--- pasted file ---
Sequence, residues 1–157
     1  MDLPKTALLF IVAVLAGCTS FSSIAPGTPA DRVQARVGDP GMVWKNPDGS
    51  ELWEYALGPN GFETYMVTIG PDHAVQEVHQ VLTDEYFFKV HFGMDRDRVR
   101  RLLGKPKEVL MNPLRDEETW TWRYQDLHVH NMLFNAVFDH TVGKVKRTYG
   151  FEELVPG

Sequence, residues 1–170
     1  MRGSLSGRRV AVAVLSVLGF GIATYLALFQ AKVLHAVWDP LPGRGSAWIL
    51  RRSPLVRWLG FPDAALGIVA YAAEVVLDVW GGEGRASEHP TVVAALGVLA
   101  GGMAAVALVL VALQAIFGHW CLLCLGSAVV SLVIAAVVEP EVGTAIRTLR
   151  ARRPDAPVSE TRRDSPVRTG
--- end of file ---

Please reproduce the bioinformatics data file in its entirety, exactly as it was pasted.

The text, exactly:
Sequence, residues 1–157
     1  MDLPKTALLF IVAVLAGCTS FSSIAPGTPA DRVQARVGDP GMVWKNPDGS
    51  ELWEYALGPN GFETYMVTIG PDHAVQEVHQ VLTDEYFFKV HFGMDRDRVR
   101  RLLGKPKEVL MNPLRDEETW TWRYQDLHVH NMLFNAVFDH TVGKVKRTYG
   151  FEELVPG

Sequence, residues 1–170
     1  MRGSLSGRRV AVAVLSVLGF GIATYLALFQ AKVLHAVWDP LPGRGSAWIL
    51  RRSPLVRWLG FPDAALGIVA YAAEVVLDVW GGEGRASEHP TVVAALGVLA
   101  GGMAAVALVL VALQAIFGHW CLLCLGSAVV SLVIAAVVEP EVGTAIRTLR
   151  ARRPDAPVSE TRRDSPVRTG